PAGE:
After being part of the Formula One calendar from 2006-11, the FIA decided to scrap the Turkish Grand Prix for its future calendars. But when several of the originally scheduled races were cancelled due to the Covid-19 outbreak the Turkish GP was added to the revised calendar in August 2020. The race weekend was held in November where Lance Stroll of BWT Racing Point F1 Team took his first-ever pole position. But it was Lewis Hamilton who took the win after starting from sixth. This year, too, the circuit in Istanbul Park was not part of the original schedule but was later brought in as a replacement for the Canadian Grand Prix due to Covid-related entry restrictions in Canada. The track surface itself is abrasive and due to some long high-speed corners, the tyres overheat and wear out quickly in Turkey. For the race weekend, the C1, C2, and C3 tyres will be allocated to the teams.


#8 French Grand Prix
(26-28 Jun)

The Circuit Paul Ricard returned to the Formula One calendar in 2018. The 5.8 km-long track is very flat as it was built on a plateau. The track is characterised by its long Mistral straight (1.8 km) and elongated track design. Last year, the French Grand Prix was cancelled due to the Coronavirus outbreak but made its return this year on the F1 calendar. Known for its even distribution of high-, medium-, and low-speed corners. The F1 drivers love the 300 km/hr right-hander at Signes and the subsequent 5G ride through the Beausset bend. With the lack of proper overtaking circuits, the inclusion of Circuit Paul Ricard shows that the governing bodies are keen to keep hold of this overtaking gem. As for the race weekend, the C2, C3, and C4 tyres will be allocated.


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#9 Austrian Grand Prix
(2-4 Jul)

The Red Bull Ring in Österreichring became the first European circuit to host the opening round of a Formula One season since the Monaco Grand Prix held in the 1966 Formula One season. Though only 4.3 km long, the Red Bull Ring packs a lot in a short lap. While the first half of the track rewards power as the cars blast along three straights separated by right-handers, a downhill drive through the second sector brings mechanical grip into play as the drivers negotiate a series of quick corners, including two fast right-handers that rounds off the lap. Due to its long straights, the Red Bull Ring is a slipstream paradise for the F1 drivers. With cooler ambient temperatures and low-medium tyre degradation, the C2, C3, and C4 tyres are allocated for this season’s Austrian GP.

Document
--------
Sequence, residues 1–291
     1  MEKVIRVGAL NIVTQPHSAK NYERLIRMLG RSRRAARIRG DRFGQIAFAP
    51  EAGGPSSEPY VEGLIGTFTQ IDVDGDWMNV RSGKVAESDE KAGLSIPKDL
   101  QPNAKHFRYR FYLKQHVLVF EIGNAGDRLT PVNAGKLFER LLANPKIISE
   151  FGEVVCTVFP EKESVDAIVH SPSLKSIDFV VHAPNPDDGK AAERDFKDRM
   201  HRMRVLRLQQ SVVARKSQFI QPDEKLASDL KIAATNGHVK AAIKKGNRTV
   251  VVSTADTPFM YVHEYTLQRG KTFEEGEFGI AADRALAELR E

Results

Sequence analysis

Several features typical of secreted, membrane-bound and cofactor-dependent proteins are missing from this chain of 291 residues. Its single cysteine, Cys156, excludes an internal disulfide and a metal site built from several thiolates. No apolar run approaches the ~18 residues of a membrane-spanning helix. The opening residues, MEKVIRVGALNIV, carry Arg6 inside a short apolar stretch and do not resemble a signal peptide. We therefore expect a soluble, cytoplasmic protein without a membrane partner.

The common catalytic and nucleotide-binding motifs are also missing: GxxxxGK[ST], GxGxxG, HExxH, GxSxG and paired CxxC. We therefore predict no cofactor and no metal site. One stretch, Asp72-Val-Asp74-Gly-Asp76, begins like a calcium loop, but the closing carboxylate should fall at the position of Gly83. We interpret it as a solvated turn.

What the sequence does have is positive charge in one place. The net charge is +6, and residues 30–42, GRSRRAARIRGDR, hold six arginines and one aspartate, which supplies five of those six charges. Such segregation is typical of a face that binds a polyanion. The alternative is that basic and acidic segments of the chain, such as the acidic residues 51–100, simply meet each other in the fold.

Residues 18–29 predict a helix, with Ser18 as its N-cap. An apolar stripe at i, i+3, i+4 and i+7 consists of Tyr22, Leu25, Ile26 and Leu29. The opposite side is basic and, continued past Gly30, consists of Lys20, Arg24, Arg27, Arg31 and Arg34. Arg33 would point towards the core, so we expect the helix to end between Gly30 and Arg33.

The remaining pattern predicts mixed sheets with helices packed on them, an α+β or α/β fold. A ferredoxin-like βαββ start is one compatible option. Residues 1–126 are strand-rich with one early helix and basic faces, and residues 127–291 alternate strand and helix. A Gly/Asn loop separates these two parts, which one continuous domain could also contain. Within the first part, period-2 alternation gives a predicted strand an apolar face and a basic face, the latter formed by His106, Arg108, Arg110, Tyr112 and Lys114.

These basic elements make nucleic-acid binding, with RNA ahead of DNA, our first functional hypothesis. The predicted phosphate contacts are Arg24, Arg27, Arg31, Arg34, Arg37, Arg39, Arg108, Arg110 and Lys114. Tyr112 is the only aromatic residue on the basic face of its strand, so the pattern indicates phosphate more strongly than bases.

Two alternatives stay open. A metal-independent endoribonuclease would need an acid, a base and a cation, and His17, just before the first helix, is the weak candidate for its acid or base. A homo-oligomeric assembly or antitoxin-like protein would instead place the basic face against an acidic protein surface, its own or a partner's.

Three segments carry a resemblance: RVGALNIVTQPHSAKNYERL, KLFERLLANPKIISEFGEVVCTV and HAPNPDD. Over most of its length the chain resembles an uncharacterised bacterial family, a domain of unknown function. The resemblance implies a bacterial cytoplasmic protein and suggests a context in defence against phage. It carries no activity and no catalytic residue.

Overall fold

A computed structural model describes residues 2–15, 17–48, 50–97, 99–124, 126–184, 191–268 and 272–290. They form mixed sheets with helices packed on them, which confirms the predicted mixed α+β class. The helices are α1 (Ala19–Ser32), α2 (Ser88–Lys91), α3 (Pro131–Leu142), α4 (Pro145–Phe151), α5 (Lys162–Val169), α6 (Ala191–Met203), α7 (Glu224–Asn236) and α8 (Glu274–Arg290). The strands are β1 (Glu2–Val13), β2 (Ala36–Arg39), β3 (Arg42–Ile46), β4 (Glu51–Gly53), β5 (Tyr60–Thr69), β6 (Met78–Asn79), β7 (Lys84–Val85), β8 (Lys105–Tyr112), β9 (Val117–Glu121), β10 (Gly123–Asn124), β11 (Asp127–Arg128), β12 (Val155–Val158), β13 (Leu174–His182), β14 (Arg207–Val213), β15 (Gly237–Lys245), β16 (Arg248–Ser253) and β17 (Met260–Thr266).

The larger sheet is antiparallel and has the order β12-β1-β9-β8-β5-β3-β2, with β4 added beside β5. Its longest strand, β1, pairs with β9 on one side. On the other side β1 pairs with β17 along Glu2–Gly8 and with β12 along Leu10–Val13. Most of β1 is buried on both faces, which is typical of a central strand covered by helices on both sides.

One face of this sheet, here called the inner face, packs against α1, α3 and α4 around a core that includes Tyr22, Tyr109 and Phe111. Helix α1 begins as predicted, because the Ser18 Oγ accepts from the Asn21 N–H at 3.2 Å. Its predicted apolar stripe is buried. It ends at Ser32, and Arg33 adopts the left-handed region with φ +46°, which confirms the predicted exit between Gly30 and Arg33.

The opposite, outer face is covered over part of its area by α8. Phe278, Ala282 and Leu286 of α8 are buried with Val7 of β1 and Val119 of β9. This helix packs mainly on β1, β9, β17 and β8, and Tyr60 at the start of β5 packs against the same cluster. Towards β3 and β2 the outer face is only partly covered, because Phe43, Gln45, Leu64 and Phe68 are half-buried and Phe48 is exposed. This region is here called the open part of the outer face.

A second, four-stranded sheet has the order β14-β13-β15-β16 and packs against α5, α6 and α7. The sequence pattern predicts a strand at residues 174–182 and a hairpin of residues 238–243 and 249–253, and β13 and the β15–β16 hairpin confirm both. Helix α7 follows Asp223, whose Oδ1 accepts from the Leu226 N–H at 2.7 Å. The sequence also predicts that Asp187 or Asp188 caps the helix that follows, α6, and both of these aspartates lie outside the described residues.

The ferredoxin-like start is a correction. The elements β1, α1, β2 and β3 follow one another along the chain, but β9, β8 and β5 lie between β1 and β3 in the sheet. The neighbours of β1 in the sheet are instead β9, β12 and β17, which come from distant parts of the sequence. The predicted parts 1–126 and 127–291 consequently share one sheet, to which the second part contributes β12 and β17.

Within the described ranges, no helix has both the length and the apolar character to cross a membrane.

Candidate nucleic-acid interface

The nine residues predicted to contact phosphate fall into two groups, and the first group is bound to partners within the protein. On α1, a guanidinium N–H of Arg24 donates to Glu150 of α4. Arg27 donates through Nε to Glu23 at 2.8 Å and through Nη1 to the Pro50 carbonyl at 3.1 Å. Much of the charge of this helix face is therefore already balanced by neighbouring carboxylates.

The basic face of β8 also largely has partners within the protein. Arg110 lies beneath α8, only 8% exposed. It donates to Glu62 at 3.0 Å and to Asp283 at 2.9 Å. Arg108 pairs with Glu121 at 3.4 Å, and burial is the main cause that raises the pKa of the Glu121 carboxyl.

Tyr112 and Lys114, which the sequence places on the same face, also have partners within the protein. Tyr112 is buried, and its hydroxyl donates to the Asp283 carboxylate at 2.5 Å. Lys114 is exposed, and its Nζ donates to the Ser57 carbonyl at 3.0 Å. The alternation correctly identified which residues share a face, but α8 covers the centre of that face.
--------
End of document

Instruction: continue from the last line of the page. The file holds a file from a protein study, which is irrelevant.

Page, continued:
#10 British Grand Prix
(16-18 Jul)

As the first track to host the inaugural Formula 1 World Championship in 1950, the Silverstone circuit holds a special place in Formula 1 folklore. Last year, Silverstone hosted two consecutive races; the latter of which was referred to as the 70th Anniversary Grand Prix to commemorate the 70 years since the inception of the Formula 1 World Championship in 1950. The 5.89 km-long track highlighted many issues last season that resulted in much of the regulation changes heading into the 2021 season. The cars were too fast for the tyres as four drivers faced tyre blowouts in the dying stages of the race. Despite numerous layouts changes over the years, Silverstone has always maintained its primary characteristic of being one of the fastest tracks on the F1 calendar. While iconic corners like Maggotts, Becketts, and Abbey provide some of the biggest challenges to the F1 drivers. For the race weekend, the hardest set of compounds; C1, C2, and C3 will be allocated.


#11 Hungaroring Grand Prix
(30 Jul – 1 Aug)

The 4.3 kilometer-long track at Hungaroring hosted its first Formula One Grand Prix in 1986 when Nelson Piquet took the win, famously slithering his Williams round the outside of Ayrton Senna’s Lotus. Due to its lack of straights, the Hungaroring circuit is compared by many to a karting track. With a series of several corners to string together and few straights, if any in between, teams opt to run with a high downforce coupled with a chassis that complements the short straights on offer. With medium-high tyre degradation levels, teams in 2020 opted for two to three stops in the race. With this in mind, Pirelli has decided to allocate the C2, C3, and C4 tyre compounds for this race.


#12 Belgian Grand Prix
(27-29 Aug)

The Spa-Francorchamps over the years has produced some of the most iconic races in Formula One 1 history. From the carnage of the 1998 Belgian Grand Prix to the lows of the 2019 Belgian Grand Prix, Spa-Francorchamps has delivered at all times. The 7 km-long track is the longest track on the Formula 1 calendar. With a mixture of long straights and challenging fast-speed corners, most of the F1 drivers love this track as it enables them to push the cars to their limits. This track arguably has one of the most famous sequences of corners in the world, the Eau Rouge, the fastest section of the track where drivers flick left, right and then up the hill through Raidillon. While the size of the track and the typical nature of Belgian weather means it could be dry in one part of the circuit while raining in the other, the track itself is not abrasive, though the series of high-speed corners puts a lot of lateral load through these tyres. For this Pirelli will be allocating the C2, C3, and C4 for this Grand Prix.